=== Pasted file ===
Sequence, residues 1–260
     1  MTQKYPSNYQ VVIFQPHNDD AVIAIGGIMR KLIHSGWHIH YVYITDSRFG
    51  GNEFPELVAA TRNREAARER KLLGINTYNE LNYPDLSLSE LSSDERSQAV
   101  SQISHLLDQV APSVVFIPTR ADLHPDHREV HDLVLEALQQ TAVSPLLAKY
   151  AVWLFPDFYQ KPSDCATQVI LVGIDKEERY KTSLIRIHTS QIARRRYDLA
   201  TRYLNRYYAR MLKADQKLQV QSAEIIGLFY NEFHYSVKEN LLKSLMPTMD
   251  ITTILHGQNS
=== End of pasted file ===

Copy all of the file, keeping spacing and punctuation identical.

Sequence, residues 1–260
     1  MTQKYPSNYQ VVIFQPHNDD AVIAIGGIMR KLIHSGWHIH YVYITDSRFG
    51  GNEFPELVAA TRNREAARER KLLGINTYNE LNYPDLSLSE LSSDERSQAV
   101  SQISHLLDQV APSVVFIPTR ADLHPDHREV HDLVLEALQQ TAVSPLLAKY
   151  AVWLFPDFYQ KPSDCATQVI LVGIDKEERY KTSLIRIHTS QIARRRYDLA
   201  TRYLNRYYAR MLKADQKLQV QSAEIIGLFY NEFHYSVKEN LLKSLMPTMD
   251  ITTILHGQNS